Friday, September 07, 2001
Review: "Kushiel's Dart" by Jacqueline Carey
Phedre is born to a courtesan of the Night Court who was married without the court's approval. To make matters more difficult, she's also been labeled with an ill-luck name, one that will prove prophetic.
While she bears the beauty of the D'Angeline courtesans, she is shunned by the Night Court for what they perceive to be an imperfection - a tiny mote of red in her left eye. Anafiel Delaunay recognizes the "deformity" as Kushiel's Dart - the sign of one marked by the gods, an anguissette.
Delaunay immediately purchases Phedre's marque from the Night Court and begins to train her in a new talent, the art of espionage. She soon finds herself enmeshed in a web of intrigue as she reports the secrets of her patrons, shared in moments of passion, to Delaunay.
Soon, things are looking bright for Phedre, but not for long. Just as the marquist is about to complete the design that will set her free, she learns that Delaunay's house has been attacked and everyone murdered.
When she tries to relay a final message to his allies, Phedre is captured. Branded a murderer in her homeland and sold into slavery to a tribe of the brutal and warlike Skaldi, she learns of a plot to usurp the throne of the D'Angelines. It's up to her, a disgraced Cassiline warrior priest and a disinherited Tsingani prophet to save the D'Angelines and clear her name.
The risky and risque themes aside, "Kushiel's Dart" is an exceptionally good story. Carey deftly weaves a tale of espionage that has a little bit of everything - fantasy, mystery, adventure and romance. The language of the book is beautiful, and the names of places and characters seem to fit perfectly.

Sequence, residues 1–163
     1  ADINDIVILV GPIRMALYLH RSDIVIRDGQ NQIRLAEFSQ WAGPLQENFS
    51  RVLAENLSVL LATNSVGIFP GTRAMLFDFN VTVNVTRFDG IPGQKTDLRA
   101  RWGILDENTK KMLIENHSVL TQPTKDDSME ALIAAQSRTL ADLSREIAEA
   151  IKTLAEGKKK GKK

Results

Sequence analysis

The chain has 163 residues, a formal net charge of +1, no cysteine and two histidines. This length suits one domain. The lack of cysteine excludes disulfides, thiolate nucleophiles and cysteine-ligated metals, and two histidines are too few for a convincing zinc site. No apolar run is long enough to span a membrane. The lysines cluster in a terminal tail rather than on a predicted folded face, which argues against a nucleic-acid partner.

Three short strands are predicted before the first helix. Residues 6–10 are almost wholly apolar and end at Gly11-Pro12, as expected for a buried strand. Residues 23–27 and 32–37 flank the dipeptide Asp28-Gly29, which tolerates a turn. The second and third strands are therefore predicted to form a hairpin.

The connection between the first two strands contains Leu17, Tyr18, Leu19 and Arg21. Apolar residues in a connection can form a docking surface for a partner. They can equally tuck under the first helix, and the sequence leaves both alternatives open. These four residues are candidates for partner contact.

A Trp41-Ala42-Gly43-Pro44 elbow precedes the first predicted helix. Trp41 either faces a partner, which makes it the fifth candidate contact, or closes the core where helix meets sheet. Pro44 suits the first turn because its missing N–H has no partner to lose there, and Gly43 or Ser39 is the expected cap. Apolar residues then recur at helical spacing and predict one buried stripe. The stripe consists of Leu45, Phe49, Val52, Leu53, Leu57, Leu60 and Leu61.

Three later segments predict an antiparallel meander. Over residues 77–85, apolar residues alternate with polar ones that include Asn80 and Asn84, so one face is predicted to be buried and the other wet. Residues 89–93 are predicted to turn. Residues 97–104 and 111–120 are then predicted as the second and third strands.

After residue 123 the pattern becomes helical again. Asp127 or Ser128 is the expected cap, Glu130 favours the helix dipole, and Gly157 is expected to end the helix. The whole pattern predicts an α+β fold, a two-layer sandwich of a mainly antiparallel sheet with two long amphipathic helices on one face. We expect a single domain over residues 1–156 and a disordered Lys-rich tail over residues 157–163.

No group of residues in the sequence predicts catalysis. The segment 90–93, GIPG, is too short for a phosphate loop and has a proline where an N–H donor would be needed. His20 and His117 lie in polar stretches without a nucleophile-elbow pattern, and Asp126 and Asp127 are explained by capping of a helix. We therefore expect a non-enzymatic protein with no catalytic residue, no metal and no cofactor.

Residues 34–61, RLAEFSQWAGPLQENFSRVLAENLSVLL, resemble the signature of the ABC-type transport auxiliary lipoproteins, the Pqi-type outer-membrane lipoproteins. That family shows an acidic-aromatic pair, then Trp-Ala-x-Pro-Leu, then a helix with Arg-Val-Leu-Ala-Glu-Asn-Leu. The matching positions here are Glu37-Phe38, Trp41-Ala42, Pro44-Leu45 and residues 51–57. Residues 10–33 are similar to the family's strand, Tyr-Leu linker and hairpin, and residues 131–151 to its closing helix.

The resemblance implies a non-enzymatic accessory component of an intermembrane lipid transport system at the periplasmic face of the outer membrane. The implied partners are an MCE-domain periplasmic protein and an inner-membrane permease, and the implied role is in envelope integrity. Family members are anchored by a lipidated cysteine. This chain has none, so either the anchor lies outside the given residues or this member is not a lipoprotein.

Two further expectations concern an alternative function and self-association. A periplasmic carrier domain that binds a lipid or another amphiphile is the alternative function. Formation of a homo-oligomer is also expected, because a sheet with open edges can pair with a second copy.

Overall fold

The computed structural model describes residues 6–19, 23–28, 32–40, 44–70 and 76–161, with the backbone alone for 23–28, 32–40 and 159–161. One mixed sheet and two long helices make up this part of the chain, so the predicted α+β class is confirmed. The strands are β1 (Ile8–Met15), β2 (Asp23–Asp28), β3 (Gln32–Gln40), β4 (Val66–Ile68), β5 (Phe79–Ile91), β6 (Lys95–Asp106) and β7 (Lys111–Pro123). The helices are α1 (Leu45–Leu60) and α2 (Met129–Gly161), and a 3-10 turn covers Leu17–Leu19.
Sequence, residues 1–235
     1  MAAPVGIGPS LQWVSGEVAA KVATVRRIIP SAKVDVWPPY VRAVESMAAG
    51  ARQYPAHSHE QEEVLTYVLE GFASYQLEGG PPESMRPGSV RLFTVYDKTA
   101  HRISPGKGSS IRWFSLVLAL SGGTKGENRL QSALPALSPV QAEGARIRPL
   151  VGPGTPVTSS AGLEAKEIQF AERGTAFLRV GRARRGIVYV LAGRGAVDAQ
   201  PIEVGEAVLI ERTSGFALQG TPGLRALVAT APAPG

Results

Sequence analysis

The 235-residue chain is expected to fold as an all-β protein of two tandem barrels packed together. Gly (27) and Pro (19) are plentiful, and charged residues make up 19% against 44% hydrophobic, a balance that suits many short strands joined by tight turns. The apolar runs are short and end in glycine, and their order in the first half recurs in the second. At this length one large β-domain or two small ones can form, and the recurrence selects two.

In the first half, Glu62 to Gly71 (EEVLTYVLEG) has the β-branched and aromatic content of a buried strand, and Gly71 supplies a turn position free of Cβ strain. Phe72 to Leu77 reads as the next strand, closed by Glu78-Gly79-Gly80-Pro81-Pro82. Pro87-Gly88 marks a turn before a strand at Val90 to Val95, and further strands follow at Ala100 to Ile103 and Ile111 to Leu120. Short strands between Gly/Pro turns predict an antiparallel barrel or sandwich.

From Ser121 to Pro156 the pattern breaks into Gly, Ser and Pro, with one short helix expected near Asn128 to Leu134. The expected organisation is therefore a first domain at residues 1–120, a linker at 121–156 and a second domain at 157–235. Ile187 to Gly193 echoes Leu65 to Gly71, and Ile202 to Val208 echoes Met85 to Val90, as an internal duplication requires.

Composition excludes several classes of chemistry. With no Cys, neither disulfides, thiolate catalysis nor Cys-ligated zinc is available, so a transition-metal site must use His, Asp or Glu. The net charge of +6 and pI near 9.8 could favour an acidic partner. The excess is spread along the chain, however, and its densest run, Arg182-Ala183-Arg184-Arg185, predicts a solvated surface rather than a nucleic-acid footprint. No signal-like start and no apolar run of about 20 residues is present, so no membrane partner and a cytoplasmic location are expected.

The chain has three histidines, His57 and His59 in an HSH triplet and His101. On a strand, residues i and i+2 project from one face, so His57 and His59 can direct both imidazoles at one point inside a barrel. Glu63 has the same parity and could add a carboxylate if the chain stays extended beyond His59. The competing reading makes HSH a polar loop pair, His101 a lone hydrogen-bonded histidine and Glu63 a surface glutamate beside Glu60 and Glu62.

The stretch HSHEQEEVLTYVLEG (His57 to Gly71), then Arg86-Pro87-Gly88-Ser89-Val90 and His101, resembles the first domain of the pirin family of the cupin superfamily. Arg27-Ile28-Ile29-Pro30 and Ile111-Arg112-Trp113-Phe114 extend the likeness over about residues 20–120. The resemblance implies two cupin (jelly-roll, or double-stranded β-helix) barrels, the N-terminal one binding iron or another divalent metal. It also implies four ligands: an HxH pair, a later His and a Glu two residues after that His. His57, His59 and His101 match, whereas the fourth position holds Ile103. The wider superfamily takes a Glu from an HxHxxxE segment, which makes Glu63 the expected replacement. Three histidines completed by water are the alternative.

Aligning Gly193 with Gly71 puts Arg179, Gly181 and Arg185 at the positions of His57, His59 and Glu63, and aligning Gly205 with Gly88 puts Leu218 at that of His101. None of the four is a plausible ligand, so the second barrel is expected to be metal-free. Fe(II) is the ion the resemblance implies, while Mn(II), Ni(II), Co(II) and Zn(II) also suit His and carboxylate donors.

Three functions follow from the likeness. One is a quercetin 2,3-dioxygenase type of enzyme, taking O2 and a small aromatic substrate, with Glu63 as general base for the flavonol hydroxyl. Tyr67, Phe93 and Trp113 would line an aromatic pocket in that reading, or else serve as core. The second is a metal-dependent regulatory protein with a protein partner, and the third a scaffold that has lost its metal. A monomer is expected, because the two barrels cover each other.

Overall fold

The characters themselves are complex and easy for the reader to like. Even though Phedre's thought process seems unfathomable at times, I still found it hard not to identify with her and root for her. Likewise, the warrior priest Joscelin's struggle to choose between his vows and his devotion to Phedre is something that most readers will connect with in one way or another.
There's also a historical aspect to the novel. All of the races that populate Carey's Rennaissance-like world are based on cultures from our own. The approach makes for a more believable mix of people and a more realistic setting. In many ways, her world-building skills remind me of Guy Gavriel Kay, one of the giants of historical fantasy.
Of necessity, "Kushiel's Dart" is R-rated; Phedre is, after all, a courtesan - and one with a strange gift as well. Carey does include a few graphic scenes, but only those that are telling to the story. She walks a fine line, but manages not to cross it. If there's no nugget of knowledge to be gained from the scene, Carey usually passes on it. Still, some readers may be offended.
If you approach it with an open mind, though, you'll find a great debut from a very promising writer.